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About Angel Island

From the Angel Island Association

The Purpose of the Station

In 1905, construction of an Immigration Station began in the area known as China Cove. Surrounded by public controversy from its inception, the station was finally put into operation in 1910. Anticipated as the "Ellis Island of the West", it was designed to handle a flood of European immigrants who were expected to begin arriving in California once the Panama Canal was opened. International events after 1914, including the outbreak of World War I, canceled the expected rush of Europeans.

Instead, the majority of immigrants to America via the West Coast were from Asia. Like their European counterparts entering at New York City, they hoped to escape the economic or political hardships of the homelands. On Ellis Island, immigrants were processed through within hours or days; on Angel Island, they spent weeks or months.

This facility was primarily a detention center. Beginning with the Chinese Exclusion Act of 1882, a series of restrictive laws had prohibited the immigration of certain nationalities and social classes of Asians. Although all Asians were affected, the greatest impact was on the Chinese. In fact, more than 70 percent of the immigrants detained on Angel Island were Chinese.

Immigration Background

The first Chinese entered California in 1848, and within a few years, thousands more came, lured by the promise of Gam Sann or "Gold Mountain". Soon, discriminatory legislation forced them out of the gold fields and into low-paying, menial jobs. They laid tracks for the Central Pacific Railroad, reclaimed swamp land in the Sacramento delta, developed shrimp and abalone fisheries, and provided cheap labor wherever there was work no other group wanted or needed.

During the 1870s, an economic downturn resulted in serious unemployment problems, and led to outcries against Asian immigrants who would work for low wages. Restrictive immigration laws were passed that allowed entry only to those who had been born in the U.S. or had husbands or fathers who were citizens. Imperial China was too weak and impoverished to exert any influence on American policy. Many Chinese already residing here were deported.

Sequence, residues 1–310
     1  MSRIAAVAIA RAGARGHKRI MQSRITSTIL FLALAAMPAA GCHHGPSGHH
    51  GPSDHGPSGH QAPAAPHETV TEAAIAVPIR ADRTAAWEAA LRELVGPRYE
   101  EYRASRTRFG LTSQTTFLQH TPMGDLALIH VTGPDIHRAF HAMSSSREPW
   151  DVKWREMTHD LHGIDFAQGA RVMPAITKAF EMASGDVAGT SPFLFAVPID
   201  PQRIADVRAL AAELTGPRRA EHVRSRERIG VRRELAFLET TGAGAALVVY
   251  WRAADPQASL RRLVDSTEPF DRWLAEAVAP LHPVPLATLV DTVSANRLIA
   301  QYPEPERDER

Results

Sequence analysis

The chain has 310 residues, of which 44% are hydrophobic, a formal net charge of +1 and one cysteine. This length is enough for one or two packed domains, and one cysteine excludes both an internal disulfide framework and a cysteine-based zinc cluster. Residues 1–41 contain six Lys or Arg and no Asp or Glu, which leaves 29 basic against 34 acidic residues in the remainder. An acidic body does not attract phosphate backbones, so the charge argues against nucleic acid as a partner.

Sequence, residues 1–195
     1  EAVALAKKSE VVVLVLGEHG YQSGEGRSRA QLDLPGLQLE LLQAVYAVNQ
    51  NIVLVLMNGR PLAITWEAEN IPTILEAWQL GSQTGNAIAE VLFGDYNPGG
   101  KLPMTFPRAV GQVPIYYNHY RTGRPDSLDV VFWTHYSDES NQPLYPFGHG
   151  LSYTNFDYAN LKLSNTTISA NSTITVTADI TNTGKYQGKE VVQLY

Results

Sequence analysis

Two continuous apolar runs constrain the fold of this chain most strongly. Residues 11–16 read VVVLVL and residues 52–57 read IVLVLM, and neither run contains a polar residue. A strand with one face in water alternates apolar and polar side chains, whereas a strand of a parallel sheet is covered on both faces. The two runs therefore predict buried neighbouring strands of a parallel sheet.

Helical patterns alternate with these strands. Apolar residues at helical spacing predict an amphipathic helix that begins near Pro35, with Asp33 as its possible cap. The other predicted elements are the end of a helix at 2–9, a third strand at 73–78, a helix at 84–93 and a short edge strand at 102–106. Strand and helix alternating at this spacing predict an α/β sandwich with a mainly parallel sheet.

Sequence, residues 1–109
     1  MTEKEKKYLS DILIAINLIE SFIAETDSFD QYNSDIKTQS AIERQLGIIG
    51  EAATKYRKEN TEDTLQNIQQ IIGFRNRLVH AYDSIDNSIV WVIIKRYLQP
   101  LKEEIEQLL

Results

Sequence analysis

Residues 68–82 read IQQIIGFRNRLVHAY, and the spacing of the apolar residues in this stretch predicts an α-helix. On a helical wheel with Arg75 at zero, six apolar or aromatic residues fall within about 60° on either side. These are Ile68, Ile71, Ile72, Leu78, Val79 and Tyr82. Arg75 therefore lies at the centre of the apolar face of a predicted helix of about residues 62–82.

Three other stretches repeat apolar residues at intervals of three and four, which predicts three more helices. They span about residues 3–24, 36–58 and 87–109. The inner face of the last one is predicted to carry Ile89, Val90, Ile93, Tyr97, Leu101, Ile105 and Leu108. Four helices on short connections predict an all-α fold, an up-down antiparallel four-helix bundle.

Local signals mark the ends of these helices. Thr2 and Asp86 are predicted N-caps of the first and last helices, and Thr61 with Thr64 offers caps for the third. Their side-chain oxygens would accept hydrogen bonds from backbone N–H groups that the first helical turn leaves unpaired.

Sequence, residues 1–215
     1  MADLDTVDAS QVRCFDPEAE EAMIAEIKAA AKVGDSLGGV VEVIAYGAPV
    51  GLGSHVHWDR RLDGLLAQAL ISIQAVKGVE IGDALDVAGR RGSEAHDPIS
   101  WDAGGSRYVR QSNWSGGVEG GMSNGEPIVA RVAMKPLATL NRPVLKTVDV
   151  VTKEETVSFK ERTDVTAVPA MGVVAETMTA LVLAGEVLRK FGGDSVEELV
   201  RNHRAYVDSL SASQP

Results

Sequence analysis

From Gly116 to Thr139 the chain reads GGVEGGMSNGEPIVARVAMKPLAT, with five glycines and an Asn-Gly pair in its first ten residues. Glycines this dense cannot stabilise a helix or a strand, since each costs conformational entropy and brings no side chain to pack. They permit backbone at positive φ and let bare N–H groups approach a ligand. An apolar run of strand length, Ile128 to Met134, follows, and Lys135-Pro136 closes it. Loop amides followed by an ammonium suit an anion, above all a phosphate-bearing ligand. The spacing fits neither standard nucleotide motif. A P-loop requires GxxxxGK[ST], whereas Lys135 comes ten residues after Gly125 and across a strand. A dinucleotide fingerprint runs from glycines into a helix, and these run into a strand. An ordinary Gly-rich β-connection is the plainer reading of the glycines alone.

Paper Sons and Daughters

There was a loophole in the exclusion law. Any Chinese who could prove citizenship through paternal lineage would not be denied entry. Those without true fathers in the United States became "paper sons" or "paper daughters". They bought papers which identified them as children of American citizens. Because official records were often non-existent, an interrogation process was created to determine if the immigrants were related as they claimed.

Questions could include details of the immigrant's home and village as well as specific knowledge of his or her ancestors. Interrogations could take a long time to complete, especially if witnesses for the immigrants lived in the eastern United States.

When it opened in 1910, the new detention facility on Angel Island was considered ideal because of its isolation. There were buildings to house and care for detainees, a pier, and regular boat service to the mainland. During the next 30 years, this was the point of entry for most of the approximately 175,000 Chinese immigrants who came to the United States. Most of them were detained on Angel Island for as little as two weeks or as much as six months. A few however, were forced to remain on the island for as much as two years.

Some detainees expressed their feelings in poetry that they brushed or carved onto the wooden walls of the detention center. Others simply waited, hoping for a favorable response to their appeals, but fearing deportation. Many of the poems that were carved into the walls of the center are still legible today. Others were documented through the efforts of two detainees, Smiley Jann and Tet Yee in 1931-32, who copied down the poetry while they awaited disposition of their cases. In 1940, the government decided to abandon the Immigration Station on Angel Island. Their decision was hastened by a fire that destroyed the administration building in August of that year. On November 5, the last group of about 200 aliens (including about 150 Chinese) was transferred from Angel Island to temporary quarters in San Francisco. The so-called "Chinese Exclusion Acts", which were adopted in the early 1880s, were repealed by federal action in 1943, because by that time, China was an ally of the U.S. in World War II.

World War II